[no subject]

From: David Blyth <dblyth -at- QUALCOMM -dot- COM>
Date: Tue, 23 Jan 1996 10:15:07 -0700

Mike Starr says.....

>I firmly believe that both the online help and the manual should be as
>thorough and comprehensive as possible and that they both should contain
>essentially the same information. I also believe that both should contain
>both task-based and reference data. IMO, anything less than that is a
>disservice to the user. Some users are more comfortable with online help,
>others are more comfortable with paper documents. We should be providing
>documentation for the end user in a form that he or she is comfortable
>using. It may cost a bit more, but I think those costs are offset by
>goodwill from satisfied customers.

Not that I disagree, but IMHO this is pretty obvious. What's at issue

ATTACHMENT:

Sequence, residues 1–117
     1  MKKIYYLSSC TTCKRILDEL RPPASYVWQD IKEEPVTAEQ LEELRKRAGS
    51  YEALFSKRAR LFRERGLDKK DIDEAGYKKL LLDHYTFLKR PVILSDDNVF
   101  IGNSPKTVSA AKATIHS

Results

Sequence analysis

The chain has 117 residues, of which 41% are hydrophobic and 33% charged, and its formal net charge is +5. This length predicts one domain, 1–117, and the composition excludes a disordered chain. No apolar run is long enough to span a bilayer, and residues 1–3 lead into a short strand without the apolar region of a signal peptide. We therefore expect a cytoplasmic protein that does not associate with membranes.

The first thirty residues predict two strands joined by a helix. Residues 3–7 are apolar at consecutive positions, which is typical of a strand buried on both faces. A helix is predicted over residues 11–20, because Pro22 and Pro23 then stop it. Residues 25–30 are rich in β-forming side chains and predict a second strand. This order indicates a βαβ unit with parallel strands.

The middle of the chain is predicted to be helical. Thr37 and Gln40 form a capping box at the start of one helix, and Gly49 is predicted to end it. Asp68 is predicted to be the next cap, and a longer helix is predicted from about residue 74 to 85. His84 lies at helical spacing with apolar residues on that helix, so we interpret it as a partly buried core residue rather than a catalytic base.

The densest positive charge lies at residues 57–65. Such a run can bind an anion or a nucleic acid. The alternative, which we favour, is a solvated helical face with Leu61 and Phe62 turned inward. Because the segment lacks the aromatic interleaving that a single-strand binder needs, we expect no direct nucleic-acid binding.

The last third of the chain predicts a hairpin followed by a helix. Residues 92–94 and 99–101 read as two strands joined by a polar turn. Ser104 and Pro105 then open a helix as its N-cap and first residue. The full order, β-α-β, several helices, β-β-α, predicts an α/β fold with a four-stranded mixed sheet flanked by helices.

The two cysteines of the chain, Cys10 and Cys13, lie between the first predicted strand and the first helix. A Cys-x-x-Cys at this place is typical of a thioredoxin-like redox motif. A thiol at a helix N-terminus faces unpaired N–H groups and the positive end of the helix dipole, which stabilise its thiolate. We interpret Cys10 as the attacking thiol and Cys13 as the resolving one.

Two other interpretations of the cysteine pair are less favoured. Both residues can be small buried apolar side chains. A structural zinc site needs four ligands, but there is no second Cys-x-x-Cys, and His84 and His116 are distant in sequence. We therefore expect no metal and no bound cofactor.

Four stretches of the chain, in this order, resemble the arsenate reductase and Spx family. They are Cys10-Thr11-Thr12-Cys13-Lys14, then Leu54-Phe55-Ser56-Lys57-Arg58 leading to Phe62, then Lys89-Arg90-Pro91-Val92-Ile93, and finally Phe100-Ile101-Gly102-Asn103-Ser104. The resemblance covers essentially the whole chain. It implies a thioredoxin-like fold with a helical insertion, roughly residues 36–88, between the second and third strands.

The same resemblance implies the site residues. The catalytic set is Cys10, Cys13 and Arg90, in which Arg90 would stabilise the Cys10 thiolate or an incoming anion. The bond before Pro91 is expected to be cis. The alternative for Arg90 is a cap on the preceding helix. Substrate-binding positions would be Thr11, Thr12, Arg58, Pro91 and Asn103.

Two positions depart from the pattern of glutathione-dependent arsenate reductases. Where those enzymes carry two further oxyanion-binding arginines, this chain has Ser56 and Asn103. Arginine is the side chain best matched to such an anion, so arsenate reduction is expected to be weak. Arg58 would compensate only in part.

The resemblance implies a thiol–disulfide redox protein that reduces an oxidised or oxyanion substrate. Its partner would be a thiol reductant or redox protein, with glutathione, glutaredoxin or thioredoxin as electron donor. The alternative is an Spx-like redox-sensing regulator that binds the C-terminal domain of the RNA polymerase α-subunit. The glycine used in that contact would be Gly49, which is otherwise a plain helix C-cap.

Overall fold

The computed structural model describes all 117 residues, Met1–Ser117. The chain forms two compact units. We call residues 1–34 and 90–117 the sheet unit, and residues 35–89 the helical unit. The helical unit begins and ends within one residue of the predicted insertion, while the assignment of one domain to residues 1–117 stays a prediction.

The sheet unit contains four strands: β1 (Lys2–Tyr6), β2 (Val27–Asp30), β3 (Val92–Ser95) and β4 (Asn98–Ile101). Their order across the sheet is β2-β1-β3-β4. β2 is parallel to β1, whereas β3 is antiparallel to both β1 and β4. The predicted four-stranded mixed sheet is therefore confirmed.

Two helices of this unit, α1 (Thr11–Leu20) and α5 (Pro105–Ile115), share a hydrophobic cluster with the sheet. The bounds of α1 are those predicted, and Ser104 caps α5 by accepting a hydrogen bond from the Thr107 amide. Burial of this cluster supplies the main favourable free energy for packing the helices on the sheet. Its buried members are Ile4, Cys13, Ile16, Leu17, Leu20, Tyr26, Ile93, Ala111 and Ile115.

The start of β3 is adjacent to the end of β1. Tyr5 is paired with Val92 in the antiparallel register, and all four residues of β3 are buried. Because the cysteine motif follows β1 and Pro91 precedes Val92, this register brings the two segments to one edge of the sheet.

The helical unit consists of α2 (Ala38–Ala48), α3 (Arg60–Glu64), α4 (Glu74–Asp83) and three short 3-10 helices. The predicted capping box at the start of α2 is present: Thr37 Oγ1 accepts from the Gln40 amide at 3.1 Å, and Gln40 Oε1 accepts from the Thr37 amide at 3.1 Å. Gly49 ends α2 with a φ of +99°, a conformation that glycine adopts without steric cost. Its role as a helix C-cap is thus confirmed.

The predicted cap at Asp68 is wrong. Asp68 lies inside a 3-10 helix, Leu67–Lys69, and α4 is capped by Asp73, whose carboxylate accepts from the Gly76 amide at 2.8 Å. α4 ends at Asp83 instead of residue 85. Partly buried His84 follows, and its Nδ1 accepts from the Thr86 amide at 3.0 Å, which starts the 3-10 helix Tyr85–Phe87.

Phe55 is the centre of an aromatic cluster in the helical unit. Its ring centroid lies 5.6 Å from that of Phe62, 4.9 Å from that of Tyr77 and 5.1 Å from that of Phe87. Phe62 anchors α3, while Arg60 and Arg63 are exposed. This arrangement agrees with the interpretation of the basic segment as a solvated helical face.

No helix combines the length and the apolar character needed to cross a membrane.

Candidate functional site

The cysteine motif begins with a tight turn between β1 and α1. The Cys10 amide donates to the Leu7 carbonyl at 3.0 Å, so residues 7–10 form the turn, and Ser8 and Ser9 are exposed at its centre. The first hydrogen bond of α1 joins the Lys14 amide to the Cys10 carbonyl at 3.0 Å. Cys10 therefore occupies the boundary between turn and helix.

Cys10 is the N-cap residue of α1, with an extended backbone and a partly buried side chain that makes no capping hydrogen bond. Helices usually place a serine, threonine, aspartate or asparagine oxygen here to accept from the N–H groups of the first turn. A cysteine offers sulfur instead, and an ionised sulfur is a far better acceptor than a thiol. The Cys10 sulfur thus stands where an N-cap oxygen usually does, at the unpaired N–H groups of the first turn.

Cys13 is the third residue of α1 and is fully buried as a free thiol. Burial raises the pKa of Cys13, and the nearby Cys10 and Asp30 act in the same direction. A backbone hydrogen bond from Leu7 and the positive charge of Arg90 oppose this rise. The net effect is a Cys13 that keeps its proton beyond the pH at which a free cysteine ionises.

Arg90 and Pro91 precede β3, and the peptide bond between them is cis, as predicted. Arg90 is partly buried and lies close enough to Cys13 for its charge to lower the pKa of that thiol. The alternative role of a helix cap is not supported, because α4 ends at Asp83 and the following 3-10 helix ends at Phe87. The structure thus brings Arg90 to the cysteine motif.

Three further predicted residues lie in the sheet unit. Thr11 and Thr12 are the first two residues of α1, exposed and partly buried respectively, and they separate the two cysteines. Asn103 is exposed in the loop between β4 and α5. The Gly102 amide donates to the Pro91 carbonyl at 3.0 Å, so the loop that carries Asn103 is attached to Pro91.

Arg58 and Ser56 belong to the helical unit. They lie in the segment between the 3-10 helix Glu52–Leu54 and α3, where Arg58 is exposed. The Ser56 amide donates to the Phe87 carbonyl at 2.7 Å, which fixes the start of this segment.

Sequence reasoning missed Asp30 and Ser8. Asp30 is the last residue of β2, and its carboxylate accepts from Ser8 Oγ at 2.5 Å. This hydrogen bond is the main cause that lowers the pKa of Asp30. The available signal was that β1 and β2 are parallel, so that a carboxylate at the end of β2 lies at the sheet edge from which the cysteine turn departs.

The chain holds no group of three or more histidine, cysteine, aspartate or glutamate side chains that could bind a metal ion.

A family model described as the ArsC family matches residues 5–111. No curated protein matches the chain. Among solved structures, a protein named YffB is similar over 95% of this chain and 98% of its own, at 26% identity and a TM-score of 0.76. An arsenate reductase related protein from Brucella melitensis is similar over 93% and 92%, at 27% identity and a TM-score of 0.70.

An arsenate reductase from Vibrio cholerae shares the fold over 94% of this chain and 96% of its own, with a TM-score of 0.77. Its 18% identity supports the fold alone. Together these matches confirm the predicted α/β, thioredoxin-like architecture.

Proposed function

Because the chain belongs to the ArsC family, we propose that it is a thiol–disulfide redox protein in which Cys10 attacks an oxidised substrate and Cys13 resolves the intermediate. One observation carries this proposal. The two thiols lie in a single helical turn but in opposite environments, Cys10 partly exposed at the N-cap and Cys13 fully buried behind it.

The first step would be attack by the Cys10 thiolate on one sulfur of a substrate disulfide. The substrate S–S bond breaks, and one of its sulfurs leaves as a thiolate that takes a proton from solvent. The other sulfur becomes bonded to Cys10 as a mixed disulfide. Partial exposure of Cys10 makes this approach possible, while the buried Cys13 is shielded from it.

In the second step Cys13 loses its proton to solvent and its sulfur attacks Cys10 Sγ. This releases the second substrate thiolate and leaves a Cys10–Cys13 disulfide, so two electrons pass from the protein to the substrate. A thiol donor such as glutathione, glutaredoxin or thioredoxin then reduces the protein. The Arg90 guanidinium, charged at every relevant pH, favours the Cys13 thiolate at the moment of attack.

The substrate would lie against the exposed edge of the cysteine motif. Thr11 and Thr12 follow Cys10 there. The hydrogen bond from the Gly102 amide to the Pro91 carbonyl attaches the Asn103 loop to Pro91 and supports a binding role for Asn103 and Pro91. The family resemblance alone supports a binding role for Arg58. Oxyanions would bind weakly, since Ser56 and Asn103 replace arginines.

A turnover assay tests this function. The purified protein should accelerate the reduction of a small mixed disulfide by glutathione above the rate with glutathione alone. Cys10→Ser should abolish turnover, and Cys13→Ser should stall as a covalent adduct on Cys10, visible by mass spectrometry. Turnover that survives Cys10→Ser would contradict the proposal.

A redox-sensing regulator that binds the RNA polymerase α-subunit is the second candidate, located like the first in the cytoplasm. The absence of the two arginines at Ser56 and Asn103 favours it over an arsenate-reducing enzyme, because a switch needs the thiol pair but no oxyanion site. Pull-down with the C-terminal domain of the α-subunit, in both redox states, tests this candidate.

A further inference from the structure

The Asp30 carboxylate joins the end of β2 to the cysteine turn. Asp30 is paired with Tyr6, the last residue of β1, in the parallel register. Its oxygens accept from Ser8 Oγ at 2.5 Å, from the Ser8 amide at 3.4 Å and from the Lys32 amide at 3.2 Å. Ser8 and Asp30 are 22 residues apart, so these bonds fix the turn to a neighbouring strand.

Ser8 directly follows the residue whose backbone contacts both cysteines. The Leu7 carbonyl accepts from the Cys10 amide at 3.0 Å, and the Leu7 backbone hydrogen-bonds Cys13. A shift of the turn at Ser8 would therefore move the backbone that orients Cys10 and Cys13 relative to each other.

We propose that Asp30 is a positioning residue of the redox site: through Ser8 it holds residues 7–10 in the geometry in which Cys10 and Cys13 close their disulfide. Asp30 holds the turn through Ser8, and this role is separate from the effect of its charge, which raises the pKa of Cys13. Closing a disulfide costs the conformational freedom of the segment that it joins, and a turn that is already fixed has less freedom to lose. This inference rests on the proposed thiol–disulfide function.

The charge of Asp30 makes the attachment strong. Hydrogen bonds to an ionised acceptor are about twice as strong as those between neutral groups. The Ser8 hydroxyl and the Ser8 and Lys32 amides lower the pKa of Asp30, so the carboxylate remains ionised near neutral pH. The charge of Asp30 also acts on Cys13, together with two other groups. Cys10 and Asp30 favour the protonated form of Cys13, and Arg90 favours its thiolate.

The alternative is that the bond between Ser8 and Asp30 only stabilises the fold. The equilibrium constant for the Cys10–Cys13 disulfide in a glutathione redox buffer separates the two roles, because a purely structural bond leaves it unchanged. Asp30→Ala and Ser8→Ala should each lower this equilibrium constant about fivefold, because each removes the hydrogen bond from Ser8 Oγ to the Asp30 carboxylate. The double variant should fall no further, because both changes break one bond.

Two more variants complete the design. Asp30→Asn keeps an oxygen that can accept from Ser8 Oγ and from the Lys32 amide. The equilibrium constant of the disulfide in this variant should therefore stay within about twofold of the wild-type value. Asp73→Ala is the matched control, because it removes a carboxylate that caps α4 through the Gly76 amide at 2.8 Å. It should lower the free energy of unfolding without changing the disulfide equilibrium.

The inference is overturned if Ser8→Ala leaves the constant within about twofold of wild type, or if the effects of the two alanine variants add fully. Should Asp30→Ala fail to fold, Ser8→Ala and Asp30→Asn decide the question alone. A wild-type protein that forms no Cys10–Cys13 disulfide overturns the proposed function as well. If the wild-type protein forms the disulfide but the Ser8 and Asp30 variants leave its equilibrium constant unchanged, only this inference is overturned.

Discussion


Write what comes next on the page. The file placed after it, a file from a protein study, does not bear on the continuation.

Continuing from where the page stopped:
is why it looks like there is a trend _away_ from this mindset.

But to answer the question...

Perhaps there is a split between the MicroSoft (Windows) world and the
Web. In the Windows world, you must have a product before you perform
a service to the customer in the form of documentation. The less service
you provide before the customer buys, the more profit you make.

On the Web, you must perform a service to the customer in the form of
useful Web pages before the customer downloads and buys the product. The
more useful the Web page, the more likely the customer will return.

Thus and IMHO, the best future of Technical Writing is on the Web.

David (The Man) Blyth
Technical Writer
Qualcomm

The usual disclaimers apply - I don't speak for QUALCOMM, they don't speak
for me....


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